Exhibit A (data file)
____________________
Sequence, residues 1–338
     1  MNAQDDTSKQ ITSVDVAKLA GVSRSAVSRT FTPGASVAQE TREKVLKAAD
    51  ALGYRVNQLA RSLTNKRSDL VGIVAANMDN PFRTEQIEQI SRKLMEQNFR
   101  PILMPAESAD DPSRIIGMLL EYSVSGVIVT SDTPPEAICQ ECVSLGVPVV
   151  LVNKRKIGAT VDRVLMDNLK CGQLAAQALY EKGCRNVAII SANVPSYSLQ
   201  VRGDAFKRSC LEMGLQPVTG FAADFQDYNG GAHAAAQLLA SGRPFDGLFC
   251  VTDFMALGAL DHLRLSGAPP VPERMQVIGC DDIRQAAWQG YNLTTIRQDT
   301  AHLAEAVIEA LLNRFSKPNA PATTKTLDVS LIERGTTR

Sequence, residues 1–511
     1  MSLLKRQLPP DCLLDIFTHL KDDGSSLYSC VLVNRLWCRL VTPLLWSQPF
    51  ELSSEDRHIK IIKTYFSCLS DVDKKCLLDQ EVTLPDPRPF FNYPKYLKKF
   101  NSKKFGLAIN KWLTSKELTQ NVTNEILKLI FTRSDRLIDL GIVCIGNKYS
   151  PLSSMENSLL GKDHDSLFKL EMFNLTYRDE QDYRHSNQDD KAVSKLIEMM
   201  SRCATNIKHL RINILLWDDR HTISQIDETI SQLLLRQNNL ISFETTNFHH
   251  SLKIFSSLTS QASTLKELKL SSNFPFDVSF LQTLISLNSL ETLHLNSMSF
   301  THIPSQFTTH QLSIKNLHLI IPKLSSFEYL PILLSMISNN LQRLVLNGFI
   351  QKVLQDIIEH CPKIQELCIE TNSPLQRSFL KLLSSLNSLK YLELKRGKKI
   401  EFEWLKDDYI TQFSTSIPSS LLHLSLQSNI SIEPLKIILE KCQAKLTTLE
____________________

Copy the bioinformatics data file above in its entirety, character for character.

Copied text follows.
Sequence, residues 1–338
     1  MNAQDDTSKQ ITSVDVAKLA GVSRSAVSRT FTPGASVAQE TREKVLKAAD
    51  ALGYRVNQLA RSLTNKRSDL VGIVAANMDN PFRTEQIEQI SRKLMEQNFR
   101  PILMPAESAD DPSRIIGMLL EYSVSGVIVT SDTPPEAICQ ECVSLGVPVV
   151  LVNKRKIGAT VDRVLMDNLK CGQLAAQALY EKGCRNVAII SANVPSYSLQ
   201  VRGDAFKRSC LEMGLQPVTG FAADFQDYNG GAHAAAQLLA SGRPFDGLFC
   251  VTDFMALGAL DHLRLSGAPP VPERMQVIGC DDIRQAAWQG YNLTTIRQDT
   301  AHLAEAVIEA LLNRFSKPNA PATTKTLDVS LIERGTTR

Sequence, residues 1–511
     1  MSLLKRQLPP DCLLDIFTHL KDDGSSLYSC VLVNRLWCRL VTPLLWSQPF
    51  ELSSEDRHIK IIKTYFSCLS DVDKKCLLDQ EVTLPDPRPF FNYPKYLKKF
   101  NSKKFGLAIN KWLTSKELTQ NVTNEILKLI FTRSDRLIDL GIVCIGNKYS
   151  PLSSMENSLL GKDHDSLFKL EMFNLTYRDE QDYRHSNQDD KAVSKLIEMM
   201  SRCATNIKHL RINILLWDDR HTISQIDETI SQLLLRQNNL ISFETTNFHH
   251  SLKIFSSLTS QASTLKELKL SSNFPFDVSF LQTLISLNSL ETLHLNSMSF
   301  THIPSQFTTH QLSIKNLHLI IPKLSSFEYL PILLSMISNN LQRLVLNGFI
   351  QKVLQDIIEH CPKIQELCIE TNSPLQRSFL KLLSSLNSLK YLELKRGKKI
   401  EFEWLKDDYI TQFSTSIPSS LLHLSLQSNI SIEPLKIILE KCQAKLTTLE